I have a secret: My dog, Jones, is incontinent. And his incontinence rules our lives.
It started happening about six months ago, and initially, we blamed it on poor Kona. She was from Hawaii, she’d never been an indoor dog, she’s weird, etc. It never occurred to us that the culprit could be Jones. But then we started putting it together:
- A year ago, the week before Christmas 2014, Jones ate three stuffed animals. We were totally gobsmacked. Jones loves to eat broccoli and salmon and anything else that drops on the floor, but prior to that incident, had never shown an iota of interest in anything that wasn’t food. We hoped it was a one-time deal and moved on.
- Also about a year ago, our inexhaustible ball dog became noticeably slower, and stiffer. We’re not entirely sure of his age, but we assumed it was arthritis, which an expensive trip to the vet confirmed. We put him on daily pain medication.
- Over the last six months, we’ve noticed Jones pacing in circles, and sort of … staring. You can’t do cognitive tests on a dog, but we assume it’s mild dementia. And dementia is often accompanied by incontinence.
This past Christmas, during dinner, Jones unleashed a torrent of urine right in front of our guests. It was mortifying, but not totally unexpected, since his inside accidents had increased to the point where we were having him wear a diaper. In fact, we now own five diapers, the washing machine is always going, and my laundry room smells like pee.
The day after Christmas, I took Jones to a new vet. What if there was something neurological going on? Or what if Jones’ stiffness was making it hard for him to make it outside in time to do his business? As we were making our way from the waiting room to the exam room, Jones pooped all over the floor.
The vet did a thorough examination and reviewed the voluminous records I’d had sent from our other vet. Jones’ blood work is perfect, with no sign of cancer. His vitals are great. His x-rays confirmed arthritis, but no other masses. We opted to do an ultrasound, to rule out an abdominal mass, and we consulted with a neurologist.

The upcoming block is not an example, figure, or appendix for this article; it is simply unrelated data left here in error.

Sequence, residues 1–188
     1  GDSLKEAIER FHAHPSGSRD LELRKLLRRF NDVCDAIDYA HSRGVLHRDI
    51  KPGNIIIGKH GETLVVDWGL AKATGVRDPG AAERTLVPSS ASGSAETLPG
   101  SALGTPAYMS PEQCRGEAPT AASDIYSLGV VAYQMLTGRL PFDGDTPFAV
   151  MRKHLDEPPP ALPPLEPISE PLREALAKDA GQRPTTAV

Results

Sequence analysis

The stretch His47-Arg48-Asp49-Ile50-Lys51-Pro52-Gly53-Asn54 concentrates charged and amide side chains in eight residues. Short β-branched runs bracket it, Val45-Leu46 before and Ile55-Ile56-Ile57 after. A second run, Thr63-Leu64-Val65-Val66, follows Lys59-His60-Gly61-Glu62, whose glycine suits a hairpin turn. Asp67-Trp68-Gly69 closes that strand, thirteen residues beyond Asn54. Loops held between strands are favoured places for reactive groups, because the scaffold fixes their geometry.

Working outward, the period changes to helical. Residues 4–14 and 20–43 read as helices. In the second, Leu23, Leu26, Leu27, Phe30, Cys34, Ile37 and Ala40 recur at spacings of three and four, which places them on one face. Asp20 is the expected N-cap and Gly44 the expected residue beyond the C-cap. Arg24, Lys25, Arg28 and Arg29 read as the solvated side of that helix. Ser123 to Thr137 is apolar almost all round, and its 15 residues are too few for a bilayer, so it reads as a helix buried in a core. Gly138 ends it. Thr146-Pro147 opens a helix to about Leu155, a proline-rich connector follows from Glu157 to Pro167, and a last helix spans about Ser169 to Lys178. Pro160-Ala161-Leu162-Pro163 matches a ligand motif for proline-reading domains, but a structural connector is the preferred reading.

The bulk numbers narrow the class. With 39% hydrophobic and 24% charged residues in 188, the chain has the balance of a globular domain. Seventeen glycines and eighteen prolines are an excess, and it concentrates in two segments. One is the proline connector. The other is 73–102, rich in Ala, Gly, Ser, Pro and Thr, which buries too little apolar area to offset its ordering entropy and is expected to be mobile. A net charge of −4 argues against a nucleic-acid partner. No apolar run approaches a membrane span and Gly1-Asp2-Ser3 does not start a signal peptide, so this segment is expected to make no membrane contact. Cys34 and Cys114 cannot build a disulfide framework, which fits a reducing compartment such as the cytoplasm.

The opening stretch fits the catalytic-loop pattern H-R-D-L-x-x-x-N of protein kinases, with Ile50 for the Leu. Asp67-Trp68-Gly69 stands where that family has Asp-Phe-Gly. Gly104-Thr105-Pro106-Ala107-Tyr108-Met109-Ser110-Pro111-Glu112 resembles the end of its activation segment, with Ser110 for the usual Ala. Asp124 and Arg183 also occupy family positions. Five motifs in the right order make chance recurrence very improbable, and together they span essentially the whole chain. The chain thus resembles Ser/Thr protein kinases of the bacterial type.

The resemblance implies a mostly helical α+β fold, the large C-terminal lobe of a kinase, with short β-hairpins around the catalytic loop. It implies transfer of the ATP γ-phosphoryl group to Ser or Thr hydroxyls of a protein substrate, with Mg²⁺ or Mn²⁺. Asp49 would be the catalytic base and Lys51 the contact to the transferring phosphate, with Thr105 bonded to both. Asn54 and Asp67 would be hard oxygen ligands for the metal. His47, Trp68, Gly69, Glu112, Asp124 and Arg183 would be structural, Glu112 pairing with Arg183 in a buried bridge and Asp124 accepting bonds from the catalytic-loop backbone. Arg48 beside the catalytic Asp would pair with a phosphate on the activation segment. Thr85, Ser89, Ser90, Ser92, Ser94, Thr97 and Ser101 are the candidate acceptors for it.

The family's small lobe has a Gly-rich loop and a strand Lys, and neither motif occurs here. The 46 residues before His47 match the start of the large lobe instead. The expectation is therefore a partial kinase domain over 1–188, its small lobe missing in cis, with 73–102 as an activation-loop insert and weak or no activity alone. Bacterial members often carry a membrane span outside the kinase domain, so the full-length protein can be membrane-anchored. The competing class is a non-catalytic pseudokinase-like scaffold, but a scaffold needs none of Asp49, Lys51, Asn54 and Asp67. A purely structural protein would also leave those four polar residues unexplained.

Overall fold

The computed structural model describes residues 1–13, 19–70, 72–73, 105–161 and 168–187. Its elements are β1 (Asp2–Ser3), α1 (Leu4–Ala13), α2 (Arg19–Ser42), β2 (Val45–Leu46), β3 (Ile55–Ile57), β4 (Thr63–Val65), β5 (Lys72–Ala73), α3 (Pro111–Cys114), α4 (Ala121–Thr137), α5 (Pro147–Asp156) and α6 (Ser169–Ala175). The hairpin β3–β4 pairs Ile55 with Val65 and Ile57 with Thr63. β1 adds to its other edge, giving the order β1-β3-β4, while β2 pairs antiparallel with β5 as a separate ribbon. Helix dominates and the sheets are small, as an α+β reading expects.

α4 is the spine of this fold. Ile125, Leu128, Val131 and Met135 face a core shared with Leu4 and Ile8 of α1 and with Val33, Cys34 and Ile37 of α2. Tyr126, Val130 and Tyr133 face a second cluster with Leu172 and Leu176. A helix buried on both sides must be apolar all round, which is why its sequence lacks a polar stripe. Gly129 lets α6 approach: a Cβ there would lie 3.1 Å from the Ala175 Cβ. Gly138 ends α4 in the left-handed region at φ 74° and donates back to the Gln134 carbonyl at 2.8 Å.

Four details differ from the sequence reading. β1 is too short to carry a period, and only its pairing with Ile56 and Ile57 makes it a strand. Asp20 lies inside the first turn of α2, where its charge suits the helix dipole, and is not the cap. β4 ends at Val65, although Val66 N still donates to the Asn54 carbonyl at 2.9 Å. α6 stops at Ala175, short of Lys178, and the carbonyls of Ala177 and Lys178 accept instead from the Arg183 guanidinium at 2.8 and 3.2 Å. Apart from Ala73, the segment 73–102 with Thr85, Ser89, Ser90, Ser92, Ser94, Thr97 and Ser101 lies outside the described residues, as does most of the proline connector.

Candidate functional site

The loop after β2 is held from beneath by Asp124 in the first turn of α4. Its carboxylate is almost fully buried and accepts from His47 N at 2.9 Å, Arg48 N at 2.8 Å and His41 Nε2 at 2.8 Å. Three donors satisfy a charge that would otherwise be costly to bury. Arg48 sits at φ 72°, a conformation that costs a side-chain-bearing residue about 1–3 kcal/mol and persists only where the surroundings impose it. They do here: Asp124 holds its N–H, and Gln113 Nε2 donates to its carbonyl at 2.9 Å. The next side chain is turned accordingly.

There’s nothing in Jones’ stomach that would be causing the incontinence. We don’t know if he has a brain tumor without an MRI, and both the vet and our neurologist steered us away from that. It’s expensive, and even if there is a tumor, there’s not much we can do about it. It’d be more for confirmation purposes. So at the moment, we have no definitive diagnosis for Jones.
The neurologist recommended a course of steroids, to reduce any inflammation in his spine that could be preventing his brain from communicating with his hindquarters. We started those a week ago, and while Jones’ mobility is slightly improved, the steroids make him drink more water, and hence, pee more.
On Friday, I was answering e-mail when I heard his nails going tap, tap, tap, tap on the hardwoods. By the time I got downstairs to find his soaking wet diaper, he’d tracked droplets of urine all over the downstairs — in the playroom, on the hardwoods, on the area rugs. I was supposed to go to a training to be a health room volunteer at Bini’s school, but instead, I scrubbed carpets and washed dog diapers.
“I give up,” I texted Steve during the clean-up. (Which, by the way, I’m very efficient at.) But that’s not true. I can’t give up on him.
I’ve had well-meaning friends talk to me about Jones’ quality of life, and I get it. Sophie, my beautiful German Shepherd, died of blood cancer three years ago, and it was an awful death. We kept her alive too long, because we just couldn’t bear to let her go. It’s a fine line most pet owners will have to walk at some point. I wish vets handed out a decision tree to help make this horrible choice easier (If incontinent + healthy –> keep alive. If incontinent + immobile + confused –> let go). Our vets aren’t advising anything, though. I suspect they don’t want the liability of a bereaved, deranged pet owner.
Is Jones ready to go? His lab tests indicate that he’s healthy and cancer-free. His appetite is great, and he gets around fine, albeit slower than he used to. He doesn’t bound and play like he once did, and he wears a diaper, but he’s old. We don’t kill our grandmothers when they get old, so I’m not going to put my dog to sleep because he’s an inconvenience. I’ll grit my teeth and wash soiled linens and come to terms with the fact that I will need to rip up the carpets in my nearly new house at some point. Because what else can I do?
What would you do?